A Work of Fate: Piaget and Roses


Oh roses, roses, roses… A bright symbol of love, an enchanting flower of passion and the radiant protagonist of one of the most sustained signature collections by Piaget: ‘Piaget Rose’. More than half a century has already passed since the jewellery-watchmaker released the first pieces of this collection, but Piaget’s love for roses has not waned in the slightest.

What’s more, every bud has blossomed as a brand new flower in Piaget’s latest high jewellery collection, presented as part of the January Salon International de la Haute Horlogerie (SIHH). The Piaget hall was simply “smothered” with hundreds of scattered golden buds, both real and fashioned out of gemstones, that formed part of the ‘Rose Passion’ collection. The display cabinets shone bewitchingly with thousands of diamonds and precious stones that covered the golden frames of 75 jewellery pieces (rings, earrings, sautoirs, broaches, combs) and 25 watches (including watches with hidden gadgets). From amongst the precious stones, those that stood out were the refined sapphires, the colourful tourmalines, the juicy emeralds, the soulful topazes, rubellites and chrysoprase, but also the green chalcedony and pink opal which the rose petals had been masterfully carved out of.

It all started in 1979 when Yves Piaget was given the honour of creating, in his studios, the trophies which the winners of a rose breeding competition held in Geneva were awarded with. The trophy he designed was a life-size shaped rose made with 18 carat gold.

Three years later, Yves Piaget himself was honoured with something which made him happier than any gold trophy could: the winner of the 1982 competition, Meilland – a renowned grower of the most magnificent roses, christened its winning rose the “Yves Piaget Rose”.



“Yves Piaget Rose” has won three of the most prestigious awards: a Gold Medal, a Geneva Prize and an award for the best fragrance – the Coupe du Parfum-Rose d’or.

The flowering buds of this rose type are impossible to confuse for anything else owing to its 80 delicate light pink petals and intoxicating aroma. The splendour of the Yves Piaget Rose is precisely what pervades Piaget’s jewellery creations thanks to the special the serti juponné (literally ‘petticoat’-style) technique of setting stones. Thanks to this fixture, the stones that encrust the metallic frames are lifted slightly above the gold to display their own beauty, even of the smallest diamonds, to the full.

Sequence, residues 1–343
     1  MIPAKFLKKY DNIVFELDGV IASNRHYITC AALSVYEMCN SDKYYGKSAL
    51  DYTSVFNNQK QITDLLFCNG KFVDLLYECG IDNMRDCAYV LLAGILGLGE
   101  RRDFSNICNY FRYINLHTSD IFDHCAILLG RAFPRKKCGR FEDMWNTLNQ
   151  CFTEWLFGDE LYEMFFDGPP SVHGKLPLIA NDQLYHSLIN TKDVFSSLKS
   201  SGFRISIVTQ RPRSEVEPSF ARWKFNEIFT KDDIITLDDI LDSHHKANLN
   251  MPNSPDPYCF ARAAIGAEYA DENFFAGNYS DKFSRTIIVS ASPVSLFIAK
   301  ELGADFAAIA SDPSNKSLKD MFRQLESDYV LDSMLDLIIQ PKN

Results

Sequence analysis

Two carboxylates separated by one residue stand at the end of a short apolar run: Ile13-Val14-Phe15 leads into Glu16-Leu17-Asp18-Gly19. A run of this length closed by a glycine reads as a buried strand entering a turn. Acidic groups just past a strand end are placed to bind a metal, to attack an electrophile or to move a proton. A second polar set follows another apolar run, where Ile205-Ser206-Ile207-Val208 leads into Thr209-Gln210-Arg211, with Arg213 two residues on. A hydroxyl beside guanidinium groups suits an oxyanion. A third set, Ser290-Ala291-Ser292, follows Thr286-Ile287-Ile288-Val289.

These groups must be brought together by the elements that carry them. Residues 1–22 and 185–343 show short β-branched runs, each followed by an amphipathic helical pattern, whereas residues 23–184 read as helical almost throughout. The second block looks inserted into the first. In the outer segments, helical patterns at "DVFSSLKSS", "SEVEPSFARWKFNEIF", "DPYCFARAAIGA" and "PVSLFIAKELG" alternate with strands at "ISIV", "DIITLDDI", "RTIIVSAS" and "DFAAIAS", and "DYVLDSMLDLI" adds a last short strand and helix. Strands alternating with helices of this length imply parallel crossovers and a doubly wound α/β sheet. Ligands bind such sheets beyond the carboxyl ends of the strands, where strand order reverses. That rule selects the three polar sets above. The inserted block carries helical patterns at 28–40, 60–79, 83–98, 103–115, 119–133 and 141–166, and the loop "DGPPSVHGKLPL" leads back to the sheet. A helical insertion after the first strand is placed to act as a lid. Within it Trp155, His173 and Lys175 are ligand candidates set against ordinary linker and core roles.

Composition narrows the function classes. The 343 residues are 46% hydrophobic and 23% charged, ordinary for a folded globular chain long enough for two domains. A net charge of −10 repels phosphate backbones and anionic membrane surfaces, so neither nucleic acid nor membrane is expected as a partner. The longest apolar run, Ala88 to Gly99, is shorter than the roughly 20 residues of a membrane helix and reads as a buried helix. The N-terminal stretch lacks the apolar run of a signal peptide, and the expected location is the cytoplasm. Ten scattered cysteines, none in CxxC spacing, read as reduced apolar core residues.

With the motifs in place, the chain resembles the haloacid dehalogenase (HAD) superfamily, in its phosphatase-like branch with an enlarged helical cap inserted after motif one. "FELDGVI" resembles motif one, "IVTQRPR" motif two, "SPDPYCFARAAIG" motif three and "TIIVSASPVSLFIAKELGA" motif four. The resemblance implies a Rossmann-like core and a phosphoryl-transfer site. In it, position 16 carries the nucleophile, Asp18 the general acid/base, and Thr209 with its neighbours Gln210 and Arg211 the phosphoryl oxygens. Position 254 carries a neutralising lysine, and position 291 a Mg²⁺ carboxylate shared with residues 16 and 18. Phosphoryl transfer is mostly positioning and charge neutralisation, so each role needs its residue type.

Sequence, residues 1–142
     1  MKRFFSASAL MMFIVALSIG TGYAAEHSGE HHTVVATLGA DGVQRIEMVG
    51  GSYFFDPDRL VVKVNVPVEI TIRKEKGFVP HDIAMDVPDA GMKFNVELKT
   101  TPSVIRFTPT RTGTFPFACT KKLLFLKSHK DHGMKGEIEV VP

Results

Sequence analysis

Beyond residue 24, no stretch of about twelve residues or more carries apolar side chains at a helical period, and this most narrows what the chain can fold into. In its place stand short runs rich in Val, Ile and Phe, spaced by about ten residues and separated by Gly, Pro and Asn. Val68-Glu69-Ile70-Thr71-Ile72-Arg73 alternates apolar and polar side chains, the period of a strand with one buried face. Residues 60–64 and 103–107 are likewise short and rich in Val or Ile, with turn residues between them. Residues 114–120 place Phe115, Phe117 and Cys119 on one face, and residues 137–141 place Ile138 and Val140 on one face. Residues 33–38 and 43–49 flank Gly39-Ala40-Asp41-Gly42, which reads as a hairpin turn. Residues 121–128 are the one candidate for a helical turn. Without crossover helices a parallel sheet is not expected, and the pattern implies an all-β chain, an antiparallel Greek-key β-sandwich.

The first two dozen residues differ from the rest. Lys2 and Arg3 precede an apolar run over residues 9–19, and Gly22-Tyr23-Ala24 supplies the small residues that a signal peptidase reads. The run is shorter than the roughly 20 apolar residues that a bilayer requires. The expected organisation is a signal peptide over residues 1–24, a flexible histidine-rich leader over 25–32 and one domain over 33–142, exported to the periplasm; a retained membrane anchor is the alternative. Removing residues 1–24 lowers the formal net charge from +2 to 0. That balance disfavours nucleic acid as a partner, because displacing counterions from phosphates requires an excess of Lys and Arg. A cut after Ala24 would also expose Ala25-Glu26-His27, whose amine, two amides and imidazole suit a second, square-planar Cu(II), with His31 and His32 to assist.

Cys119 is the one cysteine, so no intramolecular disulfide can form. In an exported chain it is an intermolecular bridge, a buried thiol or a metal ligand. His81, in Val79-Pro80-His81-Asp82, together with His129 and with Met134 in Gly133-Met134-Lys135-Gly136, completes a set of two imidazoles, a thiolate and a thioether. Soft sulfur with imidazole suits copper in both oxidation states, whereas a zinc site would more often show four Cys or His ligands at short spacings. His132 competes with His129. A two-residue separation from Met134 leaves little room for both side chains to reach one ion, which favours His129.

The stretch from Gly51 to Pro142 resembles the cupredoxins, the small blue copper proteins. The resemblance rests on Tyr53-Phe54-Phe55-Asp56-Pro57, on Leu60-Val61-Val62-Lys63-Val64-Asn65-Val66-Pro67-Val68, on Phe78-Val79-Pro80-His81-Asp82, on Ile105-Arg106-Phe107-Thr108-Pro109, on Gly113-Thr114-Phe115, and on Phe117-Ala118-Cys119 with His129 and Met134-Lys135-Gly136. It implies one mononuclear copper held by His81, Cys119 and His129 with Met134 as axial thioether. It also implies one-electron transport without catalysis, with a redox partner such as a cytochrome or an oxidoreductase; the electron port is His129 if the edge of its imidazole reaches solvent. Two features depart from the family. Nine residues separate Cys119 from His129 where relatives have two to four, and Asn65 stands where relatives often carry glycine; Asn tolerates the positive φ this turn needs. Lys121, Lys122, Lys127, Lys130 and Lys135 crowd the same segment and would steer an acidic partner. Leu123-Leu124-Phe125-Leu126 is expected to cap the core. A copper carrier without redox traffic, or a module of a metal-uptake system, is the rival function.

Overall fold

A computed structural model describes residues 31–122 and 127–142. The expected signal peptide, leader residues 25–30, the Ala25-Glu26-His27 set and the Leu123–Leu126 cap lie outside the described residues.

Years passed, but the all-encompassing love of Piaget’s founder for the queen of flowers has not only failed to fade, it has also been passionately felt by those who succeeded him. They have proudly continued Yves Piaget’s legacy. Recently, the company donated a considerable amount towards the planting of 750 rose bushes on the estate of the Château de Malmaison.

This château does, incidentally, have something of an interesting past, one which is closely linked to Piaget today and has served as a source of inspiration to designers at the brand responsible for creating the latest phenomenal collection.


Six years later, in 1805, she requested that rose gardens be planted and since then many exotic varieties of the queen of flowers have been grown there, filling the gardens every year with new rose types from every corner of the world. Consequently, alongside 250 well-known kinds of rose grown in the gardens of Malmaison, about 200 rare exotic varieties were developed in the greenhouses.

Unfortunately, the creations lost through the passage of time cannot be resurrected, but Piaget is working seriously hard to continue the blossoming heritage of the château. Thanks to this new collection, in which every piece is “mingled” with the elegance of Empress Joséphine, her sophistication, her exquisite taste and, of course, her passionate love for all things botanical, Piaget is immortalising this glorious flower with something that will never wither on your neck, fingers or wrist. KP

Images are courtesy of Piaget


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